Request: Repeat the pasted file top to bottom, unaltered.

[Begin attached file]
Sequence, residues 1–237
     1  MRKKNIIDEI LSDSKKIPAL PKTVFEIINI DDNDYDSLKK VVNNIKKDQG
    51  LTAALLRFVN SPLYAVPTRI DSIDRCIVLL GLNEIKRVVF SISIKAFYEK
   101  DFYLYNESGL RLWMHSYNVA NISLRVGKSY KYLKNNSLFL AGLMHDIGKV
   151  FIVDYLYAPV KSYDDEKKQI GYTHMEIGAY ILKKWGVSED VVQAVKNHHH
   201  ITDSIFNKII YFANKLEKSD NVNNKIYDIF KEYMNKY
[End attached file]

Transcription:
Sequence, residues 1–237
     1  MRKKNIIDEI LSDSKKIPAL PKTVFEIINI DDNDYDSLKK VVNNIKKDQG
    51  LTAALLRFVN SPLYAVPTRI DSIDRCIVLL GLNEIKRVVF SISIKAFYEK
   101  DFYLYNESGL RLWMHSYNVA NISLRVGKSY KYLKNNSLFL AGLMHDIGKV
   151  FIVDYLYAPV KSYDDEKKQI GYTHMEIGAY ILKKWGVSED VVQAVKNHHH
   201  ITDSIFNKII YFANKLEKSD NVNNKIYDIF KEYMNKY